BY HILLARY VIDERS
SPECIAL TO NORTHERN VALLEY PRESS
ENGLEWOOD––On Aug. 6, the Flat Rock Brook Nature Center held its annual “Run in the Wild” 5K race, and competitors and spectators had a glorious day. The weather was a perfect 70 degrees and spirits were soaring.
The “Run in the Wild” 5K trail race is sanctioned by the U.S.A. Track and Field Association, and proceeds from the event support the Flat Rock Brook Nature Center, one of Englewood’s greatest assets. Proceeds from the 5K race help keep the center’s natural resources and learning center in top form and fund its many programs.
As runners registered and picked up their bright blue commemorative T-shirts, former Englewood Councilman Scott Reddin played upbeat music on his boombox. Reddin also served as the race’s buoyant emcee.
Many racers brought their families and friends to cheer them on, and the area behind the main building where refreshment tables had been set up was bustling with over 200 people. The bucolic setting of trees, plants and a scenic pond was a far cry from the stark pavement of most 5K races.
The race was beautifully organized and ran smoothly, thanks to numerous staff members and volunteers. The volunteers greeted the runners and guided them through the course. Flat Rock Brook Nature Center Director Stephen Wiessner, staff members Sandy Pinto and Sandy Chiappino, along with board of trustees President Kathleen Silberstein were busy overseeing various aspects of the event. The medal presentation was handled by Silberstein and trustees Serena Carson and Susan Klausner. The event was truly a team effort.
EMTs from Englewood Hospital and Medical Center were on hand. In addition, Englewood Police Officers Joe Hammond and Adolfo Gutierrez appeared on the scene on their motorcycles.
“We decided to stop by (voluntarily) just to make sure everyone was safe,” said Hammond.
Racing NJ Race Management Services provided the equipment that recorded the runners’ times. Albert Siuta, president of Racing NJ, oversees hundreds of races a year, but he particularly enjoys “Run in the Wild.”
“I came here all the way from Titusville because I like trail races and Flat Rock Brook has a lot to see – a little bit of town, a lot of trails and a lovely museum. Most of all, I came here because the staff at Flat Rock Brook is the easiest group to work with, ever,” Siuta said.
Northern Valley Press was proud to be a sponsor of this year’s “Run in the Wild.” Additional sponsors were Suez, Whole Foods, Benzel Busch, Malesardi, Quackenbush, Swift & CO. LLC, Prominent Properties Sotheby’s International/Marilyn Budnick Realtor, NVE Bank, Susan and Neal Klausner, Serena and Rob Carson and TD Bank.
At 8:15 a.m., the racers began to assemble at the starting line at the foot of the paved path leading to the visitor center on Van Nostrand Avenue. At 8:30, Reddin blasted the starting horn and the 128 competitors dashed off. After a short sprint up the road, the group ran through the woods of the 150-acre preserve.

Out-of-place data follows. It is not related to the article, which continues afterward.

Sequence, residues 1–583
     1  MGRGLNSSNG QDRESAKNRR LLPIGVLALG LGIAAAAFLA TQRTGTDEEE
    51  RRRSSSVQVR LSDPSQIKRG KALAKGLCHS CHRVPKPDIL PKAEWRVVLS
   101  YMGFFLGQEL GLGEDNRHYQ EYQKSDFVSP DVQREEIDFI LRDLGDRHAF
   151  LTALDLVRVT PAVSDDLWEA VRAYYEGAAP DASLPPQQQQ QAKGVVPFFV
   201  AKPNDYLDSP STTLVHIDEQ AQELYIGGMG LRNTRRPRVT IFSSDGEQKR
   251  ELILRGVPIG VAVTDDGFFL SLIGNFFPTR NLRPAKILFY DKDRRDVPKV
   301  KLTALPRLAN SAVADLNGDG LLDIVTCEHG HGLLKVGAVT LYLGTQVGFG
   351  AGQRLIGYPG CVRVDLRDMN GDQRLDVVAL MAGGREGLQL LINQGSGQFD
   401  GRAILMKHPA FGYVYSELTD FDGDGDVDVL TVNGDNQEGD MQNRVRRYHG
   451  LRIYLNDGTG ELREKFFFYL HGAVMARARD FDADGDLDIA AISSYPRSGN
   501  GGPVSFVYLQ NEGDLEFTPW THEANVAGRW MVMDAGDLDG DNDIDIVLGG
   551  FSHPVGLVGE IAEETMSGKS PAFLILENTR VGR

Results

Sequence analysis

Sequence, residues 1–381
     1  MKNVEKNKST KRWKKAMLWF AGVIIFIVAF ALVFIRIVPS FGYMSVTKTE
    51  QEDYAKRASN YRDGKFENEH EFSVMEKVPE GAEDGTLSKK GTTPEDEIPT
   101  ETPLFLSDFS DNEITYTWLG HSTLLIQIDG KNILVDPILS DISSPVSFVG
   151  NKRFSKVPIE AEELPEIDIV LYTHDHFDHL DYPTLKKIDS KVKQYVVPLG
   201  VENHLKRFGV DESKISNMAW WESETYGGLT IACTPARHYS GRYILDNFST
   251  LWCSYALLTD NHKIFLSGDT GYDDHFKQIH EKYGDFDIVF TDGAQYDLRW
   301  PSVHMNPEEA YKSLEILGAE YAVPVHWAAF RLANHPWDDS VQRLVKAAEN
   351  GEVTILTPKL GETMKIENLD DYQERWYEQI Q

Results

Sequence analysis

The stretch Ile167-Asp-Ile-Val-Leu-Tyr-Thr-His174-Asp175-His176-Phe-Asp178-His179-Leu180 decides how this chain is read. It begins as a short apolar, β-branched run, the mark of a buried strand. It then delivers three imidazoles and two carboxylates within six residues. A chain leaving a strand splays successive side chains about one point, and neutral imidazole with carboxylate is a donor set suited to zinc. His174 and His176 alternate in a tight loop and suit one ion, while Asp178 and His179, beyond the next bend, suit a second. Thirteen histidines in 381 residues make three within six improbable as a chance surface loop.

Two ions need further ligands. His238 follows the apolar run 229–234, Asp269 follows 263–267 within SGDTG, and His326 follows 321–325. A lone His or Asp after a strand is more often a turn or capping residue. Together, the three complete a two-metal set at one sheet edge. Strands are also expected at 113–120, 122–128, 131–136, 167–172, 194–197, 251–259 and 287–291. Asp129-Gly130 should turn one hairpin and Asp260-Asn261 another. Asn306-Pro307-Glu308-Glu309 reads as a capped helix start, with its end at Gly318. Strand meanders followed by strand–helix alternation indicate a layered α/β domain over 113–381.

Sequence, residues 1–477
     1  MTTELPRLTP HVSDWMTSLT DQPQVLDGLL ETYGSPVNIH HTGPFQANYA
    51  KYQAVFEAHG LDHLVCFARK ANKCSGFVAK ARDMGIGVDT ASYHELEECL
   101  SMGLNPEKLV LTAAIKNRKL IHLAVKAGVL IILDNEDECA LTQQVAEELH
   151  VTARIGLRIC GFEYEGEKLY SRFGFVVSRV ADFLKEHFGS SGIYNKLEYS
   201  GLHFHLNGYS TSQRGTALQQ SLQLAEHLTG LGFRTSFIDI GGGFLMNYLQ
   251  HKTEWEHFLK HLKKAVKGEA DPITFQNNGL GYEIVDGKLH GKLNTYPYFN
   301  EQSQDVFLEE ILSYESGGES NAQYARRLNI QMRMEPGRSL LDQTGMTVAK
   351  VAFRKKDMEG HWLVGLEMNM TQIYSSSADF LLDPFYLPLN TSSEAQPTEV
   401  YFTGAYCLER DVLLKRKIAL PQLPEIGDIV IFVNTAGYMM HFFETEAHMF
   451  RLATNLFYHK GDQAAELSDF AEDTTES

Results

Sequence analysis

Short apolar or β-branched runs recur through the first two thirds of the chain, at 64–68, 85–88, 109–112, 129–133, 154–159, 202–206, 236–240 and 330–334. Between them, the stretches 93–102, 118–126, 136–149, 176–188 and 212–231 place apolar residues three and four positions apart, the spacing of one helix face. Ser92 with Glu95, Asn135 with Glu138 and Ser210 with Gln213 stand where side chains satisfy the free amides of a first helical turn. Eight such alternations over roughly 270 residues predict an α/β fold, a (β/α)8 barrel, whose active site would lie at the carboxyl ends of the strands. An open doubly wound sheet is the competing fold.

For many participants, this was their first trail run, and they found the scenic terrain both exhilarating and challenging. The race’s tag line, “This ain’t no walk in the park!” lived up to its reputation. Some of the trails had rocks and branches that required some fancy footwork, and there were numerous hills and narrow passages that snaked through the densely wooded terrain.
Dan Green, the first place finisher who came from Clifton, said, “There aren’t a lot of trail races around, and this one is really challenging. The trail is very narrow and steep.”
Fifty-two-year-old Dave Reed called the run “the most beautiful and most brutal race” that he’s ever done.
By 9:30 a.m., most of the racers had completed the course. And at 10:30 a.m., medals were awarded in several categories: First, second and third place overall man and woman and first, second and third place winners in eight different age categories from 12 years of age to 65 and older.
The top male finisher was Dan Green, age 24, who broke his record time for his first place win last year, with a time of 19 minutes, 13.1 seconds. The first woman to cross the finish line was Tanya Marion with a time of 24 minutes, 51.2 seconds.
The youngest medalist was 12-year-old Ivan Tomochko, who was elated when Silberstein presented him with his medal.
Marion did not seem at all exhausted from the arduous run. Neither did Amanda Kearney, a 17 year old who placed second. Kearney runs track at Teaneck High School, but prefers the excitement of a 5K trail race.
Fifty-three-year-old Wendy Kerr was delighted at her third place win, explaining, “I took up running about 20 years ago because I wanted to lose all the weight that I had gained when I was going to school at night while raising my children. I lost 25 pounds running, and I’ve been running ever since.”
After the race, everyone enjoyed fruit, water and protein bars and socialized.
Neal Klausner, a race sponsor and also a participant, was delighted with the turnout and the enthusiasm of the runners and spectators: “It was an awesome run, a beautiful park, and a great way to show off Flat Rock Brook!”